This is not to say that using Bedrock is risky in any way. In fact, it's no more risky than having a person do the same tasks by hand. Now if you're seasoned, that sentence probably just gave you the willies. The fun thing about GenAI is that in developing computer algorithms that are starting to get closer to live intelligence (not saying human here just yet), we also begin to operate in a world where these algorithms begin to make mistakes. We think of computers as always doing the same thing that we program them to unless there's a bug. 1+1 always equals 2, etc. However, with GenAI models, that's not really the case.
When reviewing any particular task for bedrock, it's pretty easy to follow a few simple steps to see if the juice is worth the squeeze, so to speak.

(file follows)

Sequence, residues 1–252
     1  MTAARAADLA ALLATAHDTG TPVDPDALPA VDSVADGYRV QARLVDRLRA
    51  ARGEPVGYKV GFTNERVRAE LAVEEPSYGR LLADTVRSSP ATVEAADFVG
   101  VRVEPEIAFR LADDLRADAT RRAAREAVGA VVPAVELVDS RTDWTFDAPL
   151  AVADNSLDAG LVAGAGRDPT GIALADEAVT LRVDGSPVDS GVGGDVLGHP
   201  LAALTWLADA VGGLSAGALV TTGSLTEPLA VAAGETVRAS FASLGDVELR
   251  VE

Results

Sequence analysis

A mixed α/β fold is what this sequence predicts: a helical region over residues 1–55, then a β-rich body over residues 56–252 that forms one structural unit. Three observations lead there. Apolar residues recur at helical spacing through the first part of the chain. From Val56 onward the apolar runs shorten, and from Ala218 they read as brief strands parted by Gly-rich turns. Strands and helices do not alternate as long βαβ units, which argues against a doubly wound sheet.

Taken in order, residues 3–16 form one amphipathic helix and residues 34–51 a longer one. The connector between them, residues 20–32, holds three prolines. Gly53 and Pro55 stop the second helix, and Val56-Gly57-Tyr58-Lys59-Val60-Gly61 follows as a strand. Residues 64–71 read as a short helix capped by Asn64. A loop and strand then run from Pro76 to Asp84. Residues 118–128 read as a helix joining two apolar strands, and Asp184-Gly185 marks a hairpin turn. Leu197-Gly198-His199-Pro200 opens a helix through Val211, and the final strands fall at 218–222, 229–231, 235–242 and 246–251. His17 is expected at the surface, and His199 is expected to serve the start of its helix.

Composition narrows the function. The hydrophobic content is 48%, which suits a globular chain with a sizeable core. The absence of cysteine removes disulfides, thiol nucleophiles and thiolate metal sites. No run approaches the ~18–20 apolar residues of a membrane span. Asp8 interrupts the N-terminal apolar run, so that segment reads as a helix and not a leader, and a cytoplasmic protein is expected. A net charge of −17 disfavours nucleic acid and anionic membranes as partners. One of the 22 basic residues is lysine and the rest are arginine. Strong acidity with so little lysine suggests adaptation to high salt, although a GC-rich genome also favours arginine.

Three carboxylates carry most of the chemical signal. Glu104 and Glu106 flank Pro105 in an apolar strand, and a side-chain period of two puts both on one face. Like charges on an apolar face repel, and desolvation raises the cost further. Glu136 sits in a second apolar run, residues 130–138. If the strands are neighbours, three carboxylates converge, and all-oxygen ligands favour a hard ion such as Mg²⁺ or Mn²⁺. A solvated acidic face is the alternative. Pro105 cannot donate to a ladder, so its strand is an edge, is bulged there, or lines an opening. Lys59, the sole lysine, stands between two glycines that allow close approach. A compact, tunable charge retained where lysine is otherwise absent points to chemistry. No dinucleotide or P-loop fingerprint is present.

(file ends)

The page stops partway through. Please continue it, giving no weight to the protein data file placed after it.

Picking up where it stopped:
- Does the outcome of the task need to 100% be the same every time?
- If yes - Bedrock is not for you
- If not, Go for it!
- Can whatever I'm trying to do be replaced by a very small shell script?
- If yes, write a very small shell script
- If not, maybe Bedrock is for you!
- What is the risk profile of an incorrect output?
- Do I need to feed the model my own data?
- Is the data that I'm feeding the model up to good?
- Is the current model serving my needs?
- If not, do I have the data in the correct format needed to update the model?
Questions 1 and 2 really determine whether the use case is appropriate for AWS Bedrock. Everything else is just assessing the problem further. Answered those questions? Ready to implement? Or do you need some help even answering those questions? Reach out, we're happy to help!